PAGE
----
I asked Lord (Chris) Patten, the former British Conservative Party politician, European Commissioner, and Hong Kong governor, when he was in Delhi last week, what he thought made a country a superpower. He had said in a speech that, whatever its current (Iraq) horrors and other (economic) problems, America was still a superpower because, among other things, it is “the only country that matters everywhere”.
Tempting him to state the obvious – that India wasn’t there yet – I asked for his definition. I mentioned that Penguin (publishers of his new book What next? Surviving the 21st Century) had also just issued a very upbeat work on India by a BBC journalist colleague, Daniel Lak, with the rather over-egged title, Indian Express – the future of a new superpower.
Lord Patten said that a super power was a country that “had the clout, and was prepared to use and throw it around across cultural, military, economic, commercial and educational fields”. India, he said gently, wasn’t there yet, despite its growing importance internationally
I’ve now thought of another essential criteria – or pre-requisite – that bars India from super power status, and is likely to do for many many years to come. It is that a large minority (or more) of a country’s politicians need to care about policy and the future of their country, instead of just serving their personal and political ambitions. In India such a large minority does not exist, so the country lacks effective leadership.
I know of course that many US politicians do not individually meet this criteria, and that political and commercial corruption and self-serving deals and pay-offs go to the top of the current administration, as they have in the past. But there is surely a large minority of politicians who care, as there are in the UK and many other countries.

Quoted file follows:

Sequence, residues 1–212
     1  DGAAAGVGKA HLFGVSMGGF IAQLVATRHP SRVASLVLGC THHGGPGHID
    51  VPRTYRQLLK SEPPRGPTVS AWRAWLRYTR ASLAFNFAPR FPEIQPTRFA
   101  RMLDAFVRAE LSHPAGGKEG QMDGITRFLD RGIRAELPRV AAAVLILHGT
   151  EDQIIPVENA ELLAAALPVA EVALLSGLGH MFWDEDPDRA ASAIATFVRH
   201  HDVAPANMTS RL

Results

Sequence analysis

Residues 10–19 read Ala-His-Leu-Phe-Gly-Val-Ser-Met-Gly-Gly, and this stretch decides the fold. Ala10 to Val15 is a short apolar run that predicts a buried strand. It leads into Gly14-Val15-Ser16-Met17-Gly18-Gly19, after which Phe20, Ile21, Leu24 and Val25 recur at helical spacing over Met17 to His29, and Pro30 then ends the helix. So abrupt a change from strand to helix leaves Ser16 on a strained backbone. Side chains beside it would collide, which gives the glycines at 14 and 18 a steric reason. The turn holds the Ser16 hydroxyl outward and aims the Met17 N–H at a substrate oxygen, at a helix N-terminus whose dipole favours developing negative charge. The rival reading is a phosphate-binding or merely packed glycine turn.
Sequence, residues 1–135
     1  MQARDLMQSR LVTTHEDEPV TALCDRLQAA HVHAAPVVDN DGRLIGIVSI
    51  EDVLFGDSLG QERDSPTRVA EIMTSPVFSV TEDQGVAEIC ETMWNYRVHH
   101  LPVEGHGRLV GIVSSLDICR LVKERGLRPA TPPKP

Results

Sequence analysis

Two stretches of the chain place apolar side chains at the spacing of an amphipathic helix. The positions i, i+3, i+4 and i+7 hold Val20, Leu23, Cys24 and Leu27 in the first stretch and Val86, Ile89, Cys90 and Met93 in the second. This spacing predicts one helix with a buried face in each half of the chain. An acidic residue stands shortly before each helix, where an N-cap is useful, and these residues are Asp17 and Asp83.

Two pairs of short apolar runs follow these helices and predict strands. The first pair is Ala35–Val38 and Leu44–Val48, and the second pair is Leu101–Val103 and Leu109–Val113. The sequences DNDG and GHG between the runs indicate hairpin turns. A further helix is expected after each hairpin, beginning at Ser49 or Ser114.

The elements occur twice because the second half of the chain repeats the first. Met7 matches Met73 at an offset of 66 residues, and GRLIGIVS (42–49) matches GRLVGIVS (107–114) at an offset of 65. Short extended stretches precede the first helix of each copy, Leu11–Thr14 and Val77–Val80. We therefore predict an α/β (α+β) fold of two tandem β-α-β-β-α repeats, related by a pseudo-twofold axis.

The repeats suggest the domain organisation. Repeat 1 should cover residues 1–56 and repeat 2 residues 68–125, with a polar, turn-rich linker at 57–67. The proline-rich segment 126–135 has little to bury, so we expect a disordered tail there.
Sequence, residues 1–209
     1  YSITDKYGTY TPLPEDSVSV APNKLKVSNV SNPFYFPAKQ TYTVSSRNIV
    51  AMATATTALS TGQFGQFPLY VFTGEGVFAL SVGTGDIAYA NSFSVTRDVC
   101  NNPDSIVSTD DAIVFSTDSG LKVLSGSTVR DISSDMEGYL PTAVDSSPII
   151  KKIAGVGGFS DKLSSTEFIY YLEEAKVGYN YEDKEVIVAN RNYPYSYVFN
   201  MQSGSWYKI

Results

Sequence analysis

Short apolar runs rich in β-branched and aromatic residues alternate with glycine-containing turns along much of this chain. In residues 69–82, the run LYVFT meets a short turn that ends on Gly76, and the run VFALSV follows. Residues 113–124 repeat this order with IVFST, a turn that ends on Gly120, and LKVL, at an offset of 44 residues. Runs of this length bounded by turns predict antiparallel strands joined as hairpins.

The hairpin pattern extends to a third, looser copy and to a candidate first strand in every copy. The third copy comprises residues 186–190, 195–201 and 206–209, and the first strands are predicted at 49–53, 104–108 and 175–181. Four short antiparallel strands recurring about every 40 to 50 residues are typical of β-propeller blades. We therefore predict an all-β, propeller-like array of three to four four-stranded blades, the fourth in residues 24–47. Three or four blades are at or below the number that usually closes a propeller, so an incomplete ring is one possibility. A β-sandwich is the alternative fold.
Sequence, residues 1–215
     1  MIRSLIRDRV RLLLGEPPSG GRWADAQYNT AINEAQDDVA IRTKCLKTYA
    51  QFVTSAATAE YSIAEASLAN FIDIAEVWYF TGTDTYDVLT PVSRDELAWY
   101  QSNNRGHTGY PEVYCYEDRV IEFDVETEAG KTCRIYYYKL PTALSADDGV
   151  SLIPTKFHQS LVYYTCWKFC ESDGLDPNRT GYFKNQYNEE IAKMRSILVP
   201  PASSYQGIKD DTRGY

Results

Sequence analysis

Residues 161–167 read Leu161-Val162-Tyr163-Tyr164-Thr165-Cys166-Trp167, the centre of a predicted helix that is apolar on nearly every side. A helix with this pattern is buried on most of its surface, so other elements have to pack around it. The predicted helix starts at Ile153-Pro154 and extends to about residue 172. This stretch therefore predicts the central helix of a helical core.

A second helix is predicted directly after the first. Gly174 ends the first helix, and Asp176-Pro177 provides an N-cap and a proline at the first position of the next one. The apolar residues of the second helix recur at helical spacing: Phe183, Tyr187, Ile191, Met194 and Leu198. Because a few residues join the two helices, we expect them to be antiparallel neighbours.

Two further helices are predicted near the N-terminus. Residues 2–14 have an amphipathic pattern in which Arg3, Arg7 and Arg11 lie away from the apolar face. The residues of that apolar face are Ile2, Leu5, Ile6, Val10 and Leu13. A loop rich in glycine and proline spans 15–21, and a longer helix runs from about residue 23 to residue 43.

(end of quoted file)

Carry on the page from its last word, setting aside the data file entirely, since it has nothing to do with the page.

In India however this is rare, as the behaviour of three prominent Indian politicians over the past couple of weeks demonstrates.
Mamata Banerjee, for her own narrow political goals, effectively drove Tata Motors out of its Singur factory in West Bengal and into Gujarat and the hands of Narendra Modi – a controversial chief minister , who is regarded as a Hindu nationalist tyrant by many critics but at least knows how to develop his state and improve the lot of the people who live there. Whatever his faults, he serves the people in terms of economic and social development
Praful Patel, the Aviation Minister, who has hubristically presided over an irrational rate of growth in Indian aviation, and Murli Deora, the powerfully-connected Minister for Petroleum, are the other examples. Their treatment last week of Jet Airways, when its founder-chairman, Naresh Goyal, announced 800 instant (and 1,100 planned) redundancies among his loss-making airline’s staff, makes my point.
Jet is based in Mumbai, the capital of Maharashtra, so it was perhaps not surprising that Raj Thackeray, leader of one of the two factions of the Maharashtra-chauvinistic Shiv Sena political movement, said that no Jet Airways aircraft would take off from Mumbai if anyone lost their job. Mr Thackeray spoke as the leader of the Maharashtra Navniram Sena political party, which is known for use brutal gangs to enforce its will (on October 21 he was arrested for inciting rioting and assault on north Indians working in Maharashtra).
Instead of trying as Aviation Minister to calm a developing crisis, Mr Patel, a leader of the Maharashtra-based National Congress Party, then played to his local constituency . He condemned the redundancies and said they should be cancelled – apparently determined not to be outgunned by Mr Thackeray.
Next, Mr Deora stepped in and took the same line. He was not speaking as Minister for Petroleum, but as an important Mumbai politician with a political base he felt he had to protect, even if it meant undermining Jet Airways.
Both men ignored their ministerial portfolios and attacked Jet and Mr Goyal and, together with Mr Thackeray, forced him to cancel the redundancies.
Mr Goyal handled his airline’s lay-off announcement disastrously and arguably deserved the angry staff and trade union protests that erupted. But he did not deserve, with his airline facing a financial crisis, to be publicly crippled by two cabinet ministers who showed more interest in regional power politics than in solving the country’s problems.
That’s not how a super power is made.